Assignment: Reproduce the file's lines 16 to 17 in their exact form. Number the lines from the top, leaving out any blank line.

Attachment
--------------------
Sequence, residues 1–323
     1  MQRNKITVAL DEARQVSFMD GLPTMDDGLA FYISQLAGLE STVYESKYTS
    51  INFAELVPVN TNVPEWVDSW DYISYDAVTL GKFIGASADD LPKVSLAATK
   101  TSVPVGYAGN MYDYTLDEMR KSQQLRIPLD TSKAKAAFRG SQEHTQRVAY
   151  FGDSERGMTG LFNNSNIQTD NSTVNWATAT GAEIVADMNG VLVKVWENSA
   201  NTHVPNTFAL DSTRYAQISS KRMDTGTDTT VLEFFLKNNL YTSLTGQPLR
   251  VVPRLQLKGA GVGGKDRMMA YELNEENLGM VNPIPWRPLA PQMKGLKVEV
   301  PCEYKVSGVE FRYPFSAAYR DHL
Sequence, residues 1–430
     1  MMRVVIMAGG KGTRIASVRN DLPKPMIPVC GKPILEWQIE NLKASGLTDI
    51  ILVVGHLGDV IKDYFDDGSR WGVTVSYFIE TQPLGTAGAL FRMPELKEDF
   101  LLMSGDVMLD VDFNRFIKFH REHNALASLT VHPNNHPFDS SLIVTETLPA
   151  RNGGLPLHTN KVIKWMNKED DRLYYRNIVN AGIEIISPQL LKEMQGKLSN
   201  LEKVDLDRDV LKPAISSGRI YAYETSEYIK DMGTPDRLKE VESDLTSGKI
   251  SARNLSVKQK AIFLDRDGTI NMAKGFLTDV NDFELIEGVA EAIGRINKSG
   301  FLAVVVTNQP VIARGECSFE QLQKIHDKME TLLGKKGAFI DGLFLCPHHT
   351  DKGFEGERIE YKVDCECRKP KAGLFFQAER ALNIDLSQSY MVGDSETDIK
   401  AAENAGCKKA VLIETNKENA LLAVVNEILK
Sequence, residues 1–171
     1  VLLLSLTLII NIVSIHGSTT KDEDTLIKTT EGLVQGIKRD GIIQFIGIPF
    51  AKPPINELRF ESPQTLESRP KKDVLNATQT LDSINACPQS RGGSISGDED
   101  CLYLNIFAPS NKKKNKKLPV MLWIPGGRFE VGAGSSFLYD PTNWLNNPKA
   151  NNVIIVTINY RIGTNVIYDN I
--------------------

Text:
   301  FLAVVVTNQP VIARGECSFE QLQKIHDKME TLLGKKGAFI DGLFLCPHHT
   351  DKGFEGERIE YKVDCECRKP KAGLFFQAER ALNIDLSQSY MVGDSETDIK